Lucca was flown back to the US to undergo surgery to amputate her front left leg, and she made a miraculous recovery! Lucca earned the Purple Heart for her bravery. She now lives with her first handler, Gunnery Sergeant Willingham, and his family.
Toby partnered with Army Specialist Thomas Jackson during an 11-month tour in Afghanistan. As a Specialized Search Dog, Toby led the combat patrol to sniff out IEDs and Taliban insurgents. During his hundreds of patrols, Toby discovered countless explosives and even a 250-pound guided RPG that had failed to detonate on impact.
Here's an incredible story: during one raid on a Taliban-affiliated home, Toby entered first and sat at the door so no one could enter. The troops thought it was odd behavior to stop a team trying to raid a combatant's home — until they realized that the entire house had been wired to explode if someone flipped the light switch. During his military service, Toby's loyalty and keen sense of smell saved dozens of lives! Now he's living the sweet life with Jackson in Fort Worth, Texas.
"If I had to say anything about Toby's work, I would say this: I walked in front of everyone on countless missions, was engaged by enemy fire, had to run through fire to safety and then return fire to allow others to make it to safety," said Jackson.
"I've done all of those things, but Toby did them by my side, and in most cases while walking in front of me. He saved my life and the lives of the men I worked with. I am an American soldier, and he is my hero."
Sergeant Rex served almost 11 years and three combat tours as a MWD. In 2006, Rex and his handler, Marine Corporal Megan Leavey, were injured in an IED blast. Due to her injuries, Leavey had to retire from the military, but Rex was held in Iraq to continue his bomb-sniffing duties after he recovered.
When Leavey learned that Rex was about to be retired, Leavey launched a campaign — which included a petition signed by 22,000 people — to adopt Rex. Her efforts were rewarded! Leavey was able to live with Rex until, sadly, he died eight months later of facial palsy.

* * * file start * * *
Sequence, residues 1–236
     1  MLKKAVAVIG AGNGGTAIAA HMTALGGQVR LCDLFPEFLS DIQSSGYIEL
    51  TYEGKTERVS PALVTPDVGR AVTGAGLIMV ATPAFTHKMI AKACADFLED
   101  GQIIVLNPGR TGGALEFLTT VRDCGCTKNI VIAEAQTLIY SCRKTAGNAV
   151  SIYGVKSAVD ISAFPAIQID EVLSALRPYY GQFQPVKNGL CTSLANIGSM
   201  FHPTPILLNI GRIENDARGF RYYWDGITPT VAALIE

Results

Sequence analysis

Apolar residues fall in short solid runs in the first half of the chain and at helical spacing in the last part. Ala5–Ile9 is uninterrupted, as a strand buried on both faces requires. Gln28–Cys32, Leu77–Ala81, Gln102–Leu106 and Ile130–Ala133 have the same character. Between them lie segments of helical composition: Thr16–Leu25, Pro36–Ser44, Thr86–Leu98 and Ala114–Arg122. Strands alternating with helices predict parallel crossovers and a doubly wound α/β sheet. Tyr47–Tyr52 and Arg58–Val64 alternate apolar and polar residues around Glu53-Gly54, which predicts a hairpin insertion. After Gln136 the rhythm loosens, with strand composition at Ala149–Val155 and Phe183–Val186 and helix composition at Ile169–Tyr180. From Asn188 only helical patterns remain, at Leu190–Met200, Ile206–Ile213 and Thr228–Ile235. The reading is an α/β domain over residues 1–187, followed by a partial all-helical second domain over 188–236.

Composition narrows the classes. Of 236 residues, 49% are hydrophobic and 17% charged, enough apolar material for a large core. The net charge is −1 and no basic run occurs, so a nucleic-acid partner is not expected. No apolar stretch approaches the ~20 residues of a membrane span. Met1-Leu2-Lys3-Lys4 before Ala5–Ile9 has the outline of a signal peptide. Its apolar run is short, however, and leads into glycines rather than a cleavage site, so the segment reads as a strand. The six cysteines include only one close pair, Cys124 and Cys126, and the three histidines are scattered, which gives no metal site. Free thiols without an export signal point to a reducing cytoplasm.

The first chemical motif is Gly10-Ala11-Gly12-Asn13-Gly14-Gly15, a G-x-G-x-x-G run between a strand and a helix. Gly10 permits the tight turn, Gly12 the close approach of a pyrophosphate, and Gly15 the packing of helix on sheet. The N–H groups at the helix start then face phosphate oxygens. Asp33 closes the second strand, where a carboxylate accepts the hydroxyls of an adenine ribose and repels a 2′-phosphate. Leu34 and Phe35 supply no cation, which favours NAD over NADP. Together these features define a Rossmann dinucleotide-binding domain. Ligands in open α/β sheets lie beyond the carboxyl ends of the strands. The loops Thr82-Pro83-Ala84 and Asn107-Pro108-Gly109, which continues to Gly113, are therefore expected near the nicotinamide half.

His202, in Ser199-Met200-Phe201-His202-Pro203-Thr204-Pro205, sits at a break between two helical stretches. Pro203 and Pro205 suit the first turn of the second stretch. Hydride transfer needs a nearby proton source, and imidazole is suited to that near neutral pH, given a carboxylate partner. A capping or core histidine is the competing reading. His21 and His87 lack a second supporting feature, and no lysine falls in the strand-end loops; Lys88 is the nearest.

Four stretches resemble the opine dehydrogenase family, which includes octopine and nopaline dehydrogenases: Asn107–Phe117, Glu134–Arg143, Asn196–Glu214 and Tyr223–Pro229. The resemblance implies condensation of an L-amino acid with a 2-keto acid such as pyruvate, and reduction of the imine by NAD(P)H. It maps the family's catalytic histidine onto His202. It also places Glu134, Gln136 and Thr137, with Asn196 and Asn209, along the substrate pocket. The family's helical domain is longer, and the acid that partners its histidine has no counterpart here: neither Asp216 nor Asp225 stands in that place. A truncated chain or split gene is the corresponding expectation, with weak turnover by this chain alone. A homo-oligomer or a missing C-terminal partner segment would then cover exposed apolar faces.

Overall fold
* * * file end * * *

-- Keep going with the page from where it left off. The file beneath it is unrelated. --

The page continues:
She wrote on her Facebook page: “I am so grateful for the last 8 months I got to spend with my partner & my best friend. ... He was one hell of a dog, one tough ass Marine, and one very special soul.”
This Labrador Retriever is a former explosive detection dog for the US Marines. After serving multiple tours of duty in Iraq and Afghanistan, Chaney retired in 2013.
"I didn't really see Chaney as a dog any more. He's a Marine. I never lost a guy when Chaney and I were on a mission together," said Corporal Matt Hatala, his handler. "Chaney was a piece of home for a lot of people — that one normalcy in the midst of chaos."
Now Chaney and Hatala live together in Lansing, Michigan. They both volunteer at Retrieving Freedom, a nonprofit that trains service dogs to work with autistic children and veterans with PTSD. Chaney and Hatala's goal is to educate people about how a service dog can help disabled veterans. In honor of Chaney's service in the US and abroad, he was nominated as a finalist for the 2014 Hero Dog Awards.
"You have all these best friends that you've been through so much with. Then you get out of the military, and they all back to their respective parts of the country. So to be able to have one of those best friends living with me in my house every single day is amazing."
Sergeant Rambo served as an explosive detection MWD for the Marine Corps from 2011 to 2012. After having his left limb amputated, Rambo had to retire from the military — which is when he became a mascot and ambassador for multiple groups that represent animal welfare, human rights, and military veterans. One of those organizations is Gizmo's Gift, a nonprofit that gives financial aid to families who adopt a retired MWD.
Now Rambo visits nursing homes to bring comfort to patients with dementia, and he works with summer youth groups to help children with special needs. He was also a nominee for the 2015 Hero Dog Awards!
You Can Save A Hero Dog!
Want to thank a military dog for their service? Adopt one as your own! Go to SaveAVet.org, and you can give a new life to these life-saving K9 heroes!